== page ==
Game 4 of the Eastern Conference Finals was a blowout—the Miami Heat and the Indiana Pacers never stood a chance against a superstar crew featuring Joey Crawford, Rodney Mott and Derrick Stafford Tuesday night.
It's likely that nothing major comes of the review, but at least the league is attempting to show some sort of accountability on the issue.
We can pick this one up before the most egregious 24-second violation in recent memory, going back a short jaunt with a timeout call from Erik Spoelstra—or was it?
Official Derrick Stafford just forced Spoelstra to call a timeout because he was standing on court calling a play. Never seen that.— Brian Windhorst (@WindhorstESPN) May 29, 2013
Spo was calling a play, but Stafford decided he was too far out on the court, so he concluded that it was a timeout.
The highlight of the night, however, was a blown shot-clock violation call with just over eight minutes left in the game.
After David West very clearly hit the rim with a baseline jumper, a rebound and a layup from Tyler Hansbrough should have put Indiana up by 11 points—only the shot clock was never reset.
Crawford sprinted in from half court to make the call, giving the ball to the Heat.
No problem, right? Just go review the call and move on. Only that review never came, leading to a complete Twitter explosion.
Hate talking about officiating, but that shot clock violation was one of the worst high-leverage calls you'll see. Just terrible.— Zach Lowe (@ZachLowe_NBA) May 29, 2013
Joey Crawford literally just stole two points from the Pacers.— Royce Young (@dailythunder) May 29, 2013
Joey Crawford looked like Benny Hill calling that 24-second violation.— Leigh Ellis (@LeighEllis) May 29, 2013
Is that on the refs or the timekeeper?— Zach Harper (@talkhoops) May 29, 2013
From there the momentum shifted over to Miami and the Heat went on a 13-2 run to tie the game up. Can you blame the call? Probably not, but it certainly didn't help the Pacers.
At this point, the country was taking notice, and the anger was palpable.
"Terrible call" "Joey Crawford" and "David Stern" all trending in the US. Welcome to the NBA Playoffs.— Jimmy Traina (@JimmyTraina) May 29, 2013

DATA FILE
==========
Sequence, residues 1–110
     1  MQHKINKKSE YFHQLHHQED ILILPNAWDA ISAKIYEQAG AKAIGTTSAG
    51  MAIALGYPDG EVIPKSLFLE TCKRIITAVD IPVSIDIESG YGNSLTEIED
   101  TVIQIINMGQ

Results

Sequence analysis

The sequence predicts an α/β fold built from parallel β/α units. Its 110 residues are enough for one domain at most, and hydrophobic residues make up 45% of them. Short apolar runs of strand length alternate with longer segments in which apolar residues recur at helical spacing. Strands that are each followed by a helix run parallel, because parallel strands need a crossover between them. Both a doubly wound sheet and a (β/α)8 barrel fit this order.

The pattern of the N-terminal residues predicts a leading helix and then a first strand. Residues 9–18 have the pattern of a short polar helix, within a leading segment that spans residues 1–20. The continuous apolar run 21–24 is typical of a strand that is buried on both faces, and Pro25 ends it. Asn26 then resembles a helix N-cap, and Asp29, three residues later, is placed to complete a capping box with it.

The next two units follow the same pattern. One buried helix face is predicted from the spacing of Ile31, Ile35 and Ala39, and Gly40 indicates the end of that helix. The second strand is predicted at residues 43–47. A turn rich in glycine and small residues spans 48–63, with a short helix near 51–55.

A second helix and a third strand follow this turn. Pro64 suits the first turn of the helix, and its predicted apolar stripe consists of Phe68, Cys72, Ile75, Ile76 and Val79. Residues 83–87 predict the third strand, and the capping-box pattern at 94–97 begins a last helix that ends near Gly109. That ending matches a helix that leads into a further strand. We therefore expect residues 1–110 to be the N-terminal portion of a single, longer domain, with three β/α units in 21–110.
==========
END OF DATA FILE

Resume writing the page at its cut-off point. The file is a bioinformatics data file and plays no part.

I don't know that I've agreed with a whistle in the last six calls.— Zach Harper (@talkhoops) May 29, 2013
Joey Crawford gotta go...— Roy Burton (@TheBSLine) May 29, 2013
Later, a ball deflected out of bounds by Ray Allen was given to the Heat. There's no way they can screw this one up, right?
Refs really should've asked West, he swears he didn't touch it— Brendan Bowers (@BowersCLE) May 29, 2013
Does anyone have confidence that Joey Crawford is even watching the right channel?— Dan Wetzel (@DanWetzel) May 29, 2013
With the trend of this game, you can pretty much guess that Crawford concluded that he was right on the initial call—Miami ball.
In a desire to balance things out, a few calls went against Miami when the Pacers retook the lead, only these came at the end of the game when Miami was on the verge of attempting to finish things off.
LeBron James was called for a moving screen (no seriously, they really called a moving screen) for his sixth foul with just under a minute left.
There was contact, but it seemed to be more that Lance Stephenson tripped, rather than James knocking him down.
David Stern's refs made an awful call on LeBron, fouling him out. I feel like The Geto Boys because my Mind Playing Tricks on Me— Not Bill Walton (@NotBillWalton) May 29, 2013
Cannot believe they called that as LeBron's sixth and final foul.— Skip Bayless (@RealSkipBayless) May 29, 2013
A travel call on Dwyane Wade happened 30 seconds later, and the game was decided. Thankfully, we had one last video replay to figure out following a deflection, giving us this beauty:
Joey Crawford at the scorer's table watching video of Joey Crawford. This surprises no one. twitter.com/BleacherReport…— Bleacher Report (@BleacherReport) May 29, 2013
Of course, there were two great things to come from this game.
By the way, Mike Bantom, the league's VP in charge of supervising officiating, is at the game tonight. So, fun trip for him.— Zach Lowe (@ZachLowe_NBA) May 29, 2013
Not only that, but the referees were so visibly poor that there's really no way to spin this toward a conspiracy theory, unless the conspiracy is that David Stern's referees are attempting to ruin perfectly good basketball games.
The conspiracy theorists don't even understand what they think about this one. The NBA wants...Stern wants ...What? This? @bomani_jones— Scott Van Pelt (@notthefakeSVP) May 29, 2013
Despite the foul trouble, it was a much more exciting contest than Game 3. I'll take Game 4 over that every time.